This fascinating exploration of a work that was the epitome of German literary modernism illuminates in chilling detail the death of the Weimar Republic's left-leaning culture of innovation and experimentation. Peter Jelavich examines Alfred Döblin's Berlin Alexanderplatz (1929), a novel that questioned the autonomy and coherence of the human personality in the modern metropolis, and traces the radical discrepancies that came with its adaptation into a radio play (1930) and a film (1931). Jelavich explains these discrepancies by examining not only the varying demands of genre and technology but also the political and economic contexts of the media—in particular, the censorship practices in German radio and film. His analysis culminates in a richly textured discussion of the complex factors that led to the demise of Weimar culture, as Nazi intimidation and the economic strains of the Depression induced producers to depoliticize their works. Jelavich's book becomes a cautionary tale about how fear of outspoken right-wing politicians can curtail and eliminate the arts as a critical counterforce to politics—all in the name of entertainment.
List of Illustrations
1. The Novel Berlin Alexanderplatz
2. Politics and Censorship at the Berlin Radio Hour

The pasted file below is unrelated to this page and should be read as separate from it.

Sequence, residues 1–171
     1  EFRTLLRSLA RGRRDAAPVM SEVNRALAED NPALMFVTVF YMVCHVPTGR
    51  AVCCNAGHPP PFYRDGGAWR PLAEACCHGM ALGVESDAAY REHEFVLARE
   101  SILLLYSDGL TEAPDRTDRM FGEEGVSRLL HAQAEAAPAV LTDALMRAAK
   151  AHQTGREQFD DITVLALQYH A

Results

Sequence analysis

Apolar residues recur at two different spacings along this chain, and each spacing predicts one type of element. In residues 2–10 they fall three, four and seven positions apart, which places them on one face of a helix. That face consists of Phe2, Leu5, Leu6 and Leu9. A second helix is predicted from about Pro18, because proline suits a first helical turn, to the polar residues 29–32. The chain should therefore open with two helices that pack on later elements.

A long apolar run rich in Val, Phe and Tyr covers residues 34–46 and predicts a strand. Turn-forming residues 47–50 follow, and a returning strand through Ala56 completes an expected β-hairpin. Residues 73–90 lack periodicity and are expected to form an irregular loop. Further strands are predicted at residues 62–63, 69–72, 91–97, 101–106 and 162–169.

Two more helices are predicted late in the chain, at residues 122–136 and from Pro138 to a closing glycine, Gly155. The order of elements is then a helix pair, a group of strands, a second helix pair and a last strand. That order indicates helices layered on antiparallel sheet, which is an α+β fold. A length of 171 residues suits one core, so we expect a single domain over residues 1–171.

3. Cultural Programming and Radio Plays
4. The Radio Play The Story of Franz Biberkopf
5. Film Censorship in the Weimar Era
6. Nazi Threats to Film
7. The Film Berlin Alexanderplatz
Peter Jelavich, Professor of History at Johns Hopkins University, is author of Berlin Cabaret (1993) and Munich and Theatrical Modernism: Politics, Playwriting, and Performance, 1890-1914 (1985).
"This is cultural history at its best. Jelavich offers a compelling case study that illuminates the 'death of Weimar culture' in chilling detail. No other work informs us so masterfully about the mechanisms of media censorship and authorial self-censorship during the last years of the Weimar Republic."—Bernd Widdig, author of Culture and Inflation in Weimar Germany
"Jelavich's unique approach constitutes a brilliant achievement. He constructs a prism of the novel, radio play, and film of Berlin Alexanderplatz that reflects the political, social, and cultural conditions of the disintegrating Weimar Republic against the rise of Nazism."—Michael H. Kater, author of Hitler Youth
"Berlin Alexanderplatz represents historical and cultural scholarship at its best. Though meticulously researched and documented, Jelavich does not drown the reader in historical data. This is a stimulating and persuasive read."—Lutz Koepnick, author of Dark Mirror: German Cinema between Hollywood and Hitler